Living in Qld one of the essential tasks I need to do with my fruit trees and bushes is to monitor and limit the impact Qld fruit fly can have in my system.
Qld fruit fly is a problem of our own creation. While it is native to our region, we have introduced species that allow it to thrive if not maintained, and like with all things in our systems - we need to design with maintenance in mind.
Typically Qld fruit fly is about 7mm long and is a reddish-brown with yellow markings. It is mostly active in the spring and summer periods, but I have noticed with the higher temperatures they have are engaged through to late autumn.
Fruit mostly affected are the summer fruits such as peach, nectarine, apricots, citrus, tomatoes, eggplants and capsicum.
The female fruit fly lays its eggs in the fruit and then when they hatch the maggots eat through the fruit until they reach approx6/7mm long when either the fruit falls to the ground or the maggot drops from the fruit. The maggot then creates a hard shell where it gestates for a few weeks. Then the pupae hatches and the cycle begins again.
While hard to control, there are several measures we can use to help.
Firstly good hygiene will help prevent fruit fly problems.
Pick up any fruit left on the ground daily and on the tree after the harvest.
You can burn the infest fruit, or I like to cut them open and then give them to my chickens of ducks to clean up.
Do not put the fruit into your compost or you could potentially make the problem worse.
Some like to net their trees with fruit fly netting, but I found this a costly option, and if one female Qld fruit fly gets under the mesh, they will lay approx 500 eggs, and the cycle begins again.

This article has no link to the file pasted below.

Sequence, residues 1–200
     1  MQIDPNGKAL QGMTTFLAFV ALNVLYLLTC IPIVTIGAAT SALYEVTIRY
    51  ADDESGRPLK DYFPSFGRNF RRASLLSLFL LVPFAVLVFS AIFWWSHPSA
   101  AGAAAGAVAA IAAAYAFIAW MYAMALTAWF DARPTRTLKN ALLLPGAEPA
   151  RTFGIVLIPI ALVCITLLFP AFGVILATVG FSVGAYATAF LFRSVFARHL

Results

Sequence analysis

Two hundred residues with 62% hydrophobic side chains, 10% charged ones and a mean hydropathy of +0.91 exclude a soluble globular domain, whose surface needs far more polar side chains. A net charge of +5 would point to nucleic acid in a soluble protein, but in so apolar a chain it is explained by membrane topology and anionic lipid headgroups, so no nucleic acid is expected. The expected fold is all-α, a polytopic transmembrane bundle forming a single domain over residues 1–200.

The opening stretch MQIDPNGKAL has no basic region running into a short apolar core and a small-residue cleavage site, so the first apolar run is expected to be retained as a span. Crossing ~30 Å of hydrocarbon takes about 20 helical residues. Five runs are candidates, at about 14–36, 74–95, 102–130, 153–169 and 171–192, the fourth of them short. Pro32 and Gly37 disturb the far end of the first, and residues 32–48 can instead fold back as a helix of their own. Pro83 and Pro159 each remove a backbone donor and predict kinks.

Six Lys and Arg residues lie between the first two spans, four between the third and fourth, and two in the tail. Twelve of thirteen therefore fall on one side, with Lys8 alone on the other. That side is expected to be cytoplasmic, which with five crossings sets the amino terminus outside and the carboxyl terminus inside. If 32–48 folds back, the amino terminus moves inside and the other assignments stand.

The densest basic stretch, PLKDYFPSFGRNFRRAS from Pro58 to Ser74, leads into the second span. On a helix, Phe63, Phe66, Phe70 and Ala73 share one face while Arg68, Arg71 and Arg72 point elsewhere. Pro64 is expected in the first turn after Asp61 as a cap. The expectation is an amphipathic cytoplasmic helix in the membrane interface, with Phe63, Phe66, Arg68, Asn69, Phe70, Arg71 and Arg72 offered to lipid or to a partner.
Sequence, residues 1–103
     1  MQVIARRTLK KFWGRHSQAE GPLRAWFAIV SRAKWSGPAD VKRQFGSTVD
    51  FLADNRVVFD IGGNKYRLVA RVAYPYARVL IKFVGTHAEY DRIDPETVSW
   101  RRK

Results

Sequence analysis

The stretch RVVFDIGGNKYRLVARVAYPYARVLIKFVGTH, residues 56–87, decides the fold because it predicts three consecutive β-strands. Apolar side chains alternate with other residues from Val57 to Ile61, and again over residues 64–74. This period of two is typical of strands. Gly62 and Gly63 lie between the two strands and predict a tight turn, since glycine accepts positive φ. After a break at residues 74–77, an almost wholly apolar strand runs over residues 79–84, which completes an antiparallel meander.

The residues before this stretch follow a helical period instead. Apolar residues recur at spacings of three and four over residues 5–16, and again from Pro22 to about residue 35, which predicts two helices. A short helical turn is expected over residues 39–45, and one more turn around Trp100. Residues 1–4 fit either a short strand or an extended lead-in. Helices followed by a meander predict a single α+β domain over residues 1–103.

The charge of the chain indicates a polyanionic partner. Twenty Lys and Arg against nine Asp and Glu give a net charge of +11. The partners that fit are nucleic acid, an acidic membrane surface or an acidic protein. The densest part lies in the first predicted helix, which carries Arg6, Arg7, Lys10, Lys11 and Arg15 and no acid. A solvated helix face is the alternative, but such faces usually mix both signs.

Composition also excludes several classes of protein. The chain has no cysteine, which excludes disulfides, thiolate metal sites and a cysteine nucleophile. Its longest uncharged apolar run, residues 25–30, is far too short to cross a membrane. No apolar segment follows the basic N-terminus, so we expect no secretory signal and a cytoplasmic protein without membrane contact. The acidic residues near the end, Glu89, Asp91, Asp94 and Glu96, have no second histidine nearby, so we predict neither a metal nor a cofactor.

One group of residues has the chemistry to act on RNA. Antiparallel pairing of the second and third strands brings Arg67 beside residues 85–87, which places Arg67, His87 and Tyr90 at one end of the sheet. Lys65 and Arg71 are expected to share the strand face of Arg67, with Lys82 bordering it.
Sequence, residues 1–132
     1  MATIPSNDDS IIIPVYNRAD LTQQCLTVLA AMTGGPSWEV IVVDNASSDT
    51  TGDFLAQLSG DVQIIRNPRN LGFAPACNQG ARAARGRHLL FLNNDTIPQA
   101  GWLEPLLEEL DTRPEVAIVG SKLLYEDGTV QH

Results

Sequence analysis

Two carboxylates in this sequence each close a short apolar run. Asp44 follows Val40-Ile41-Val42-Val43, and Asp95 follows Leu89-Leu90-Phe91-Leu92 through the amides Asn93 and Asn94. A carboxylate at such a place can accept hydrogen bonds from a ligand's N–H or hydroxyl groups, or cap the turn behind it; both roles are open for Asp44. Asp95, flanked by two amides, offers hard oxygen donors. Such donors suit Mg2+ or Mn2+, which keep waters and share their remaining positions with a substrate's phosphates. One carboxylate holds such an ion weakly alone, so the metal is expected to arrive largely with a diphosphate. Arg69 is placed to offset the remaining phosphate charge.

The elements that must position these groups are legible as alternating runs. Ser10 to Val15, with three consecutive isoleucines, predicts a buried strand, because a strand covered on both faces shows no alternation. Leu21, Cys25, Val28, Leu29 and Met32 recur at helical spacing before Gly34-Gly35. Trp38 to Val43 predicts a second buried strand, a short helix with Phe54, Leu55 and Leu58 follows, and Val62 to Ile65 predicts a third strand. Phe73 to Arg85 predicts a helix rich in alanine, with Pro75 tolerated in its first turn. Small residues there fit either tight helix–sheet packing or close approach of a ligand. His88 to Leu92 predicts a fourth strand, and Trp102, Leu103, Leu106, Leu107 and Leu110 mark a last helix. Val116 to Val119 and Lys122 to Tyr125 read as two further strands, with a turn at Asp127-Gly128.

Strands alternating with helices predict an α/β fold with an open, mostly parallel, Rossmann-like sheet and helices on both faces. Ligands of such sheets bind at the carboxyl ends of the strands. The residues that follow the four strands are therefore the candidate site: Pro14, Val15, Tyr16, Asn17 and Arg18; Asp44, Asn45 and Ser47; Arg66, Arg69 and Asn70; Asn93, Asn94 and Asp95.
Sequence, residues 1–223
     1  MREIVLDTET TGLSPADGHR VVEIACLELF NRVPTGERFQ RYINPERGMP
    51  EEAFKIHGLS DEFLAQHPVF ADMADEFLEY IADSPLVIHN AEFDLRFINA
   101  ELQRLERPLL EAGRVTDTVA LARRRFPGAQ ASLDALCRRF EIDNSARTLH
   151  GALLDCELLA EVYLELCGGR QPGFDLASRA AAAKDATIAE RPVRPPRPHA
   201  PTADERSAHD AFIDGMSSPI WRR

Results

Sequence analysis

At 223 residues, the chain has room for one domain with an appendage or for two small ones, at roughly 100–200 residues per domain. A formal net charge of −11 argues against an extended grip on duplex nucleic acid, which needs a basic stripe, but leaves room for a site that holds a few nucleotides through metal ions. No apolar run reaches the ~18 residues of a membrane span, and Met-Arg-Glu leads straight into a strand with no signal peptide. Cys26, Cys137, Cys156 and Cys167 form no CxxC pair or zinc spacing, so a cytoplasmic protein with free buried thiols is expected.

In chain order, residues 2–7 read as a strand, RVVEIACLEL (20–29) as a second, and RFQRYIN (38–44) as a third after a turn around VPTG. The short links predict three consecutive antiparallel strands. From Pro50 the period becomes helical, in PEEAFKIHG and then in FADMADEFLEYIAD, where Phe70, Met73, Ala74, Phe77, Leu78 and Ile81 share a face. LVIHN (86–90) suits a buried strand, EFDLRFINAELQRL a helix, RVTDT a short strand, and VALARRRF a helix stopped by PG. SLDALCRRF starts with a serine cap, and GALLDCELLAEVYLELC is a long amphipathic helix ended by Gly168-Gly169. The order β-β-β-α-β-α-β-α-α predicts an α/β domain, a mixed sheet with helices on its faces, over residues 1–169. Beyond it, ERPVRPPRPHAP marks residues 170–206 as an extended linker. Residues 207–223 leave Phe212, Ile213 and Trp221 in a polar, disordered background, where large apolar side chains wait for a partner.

Occasionally allow my ducks to wander through my system during the season to allow them to find any of the pupate that has found its way into the soil
I do, however, like to use traps with my homemade mix to help keep the numbers to an acceptable level.
400ml of hot water
One heap teaspoon of sugar or honey
One heap teaspoon of vegemite
some cut up the leftover citrus peel. (what we usually have in surplus)
Combine the ingredients and mix until the sugar and vegemite are dissolved and then allow to cool. Place the mixture in a container and hang near the garden or orchard.
I replace this approx every three weeks.
While not foolproof, the combination of keeping the ground and plants clean of falling or rotten fruit and the traps and allowing my ducks though the system generally means we have little infestations. And to be honest, they work even better if we get our neighbours and community on board too.
They are small steps, but they do need to be maintained consistently - Little things often rather than on large action.
I have had a lot of questions about the things we do month by month to help not only maintain but add to our system.
While the best time to have ‘planted a tree’ was 20 years ago, the next best time to start is now.
Each little thing we do can and will help increase our ability to build resilient, regenerative and abundant lives.
Let’s Make It Real -
Here is our December garden to-do list. We hope it helps you in your endeavors
Downloadable file attached at the bottom
To Do List
•Apply compost to your gardens
•Water plants deeply if dry
•Plant beneficial insect attractors
•Heavily mulch shallow rooted trees
•Pinch out unwanted side shoots
•Prune flowering peaches
•Trim the hedging plants
•Remove suckers from rootstock
•Foliar spray plants with water/milk to help protect against sunburn
•Foliar feed the orchard and potager
•Side dress vegetables with compost
•Give fallen fruit to the chickens to help control fruit fly
•Harvest and dry excess herbs
•Check fruit fly plan for summer
•Check over orchard for pests and possible disease
•Take cuttings from Figs
What To Plant
Amaranth, Basil, Beans Climbing, Beetroot, Capsicum, Carrot, Celery
Chilli, Chives, Choko, Cucumber, Eggplant, Kohlrabi, Mustard greens
Oregano, Parsley, Pumpkin, Radish, Rockmelon, Rosella, Silverbeet
Shallots, Sunflowers, Sweet corn, Tomatoes, Zucchini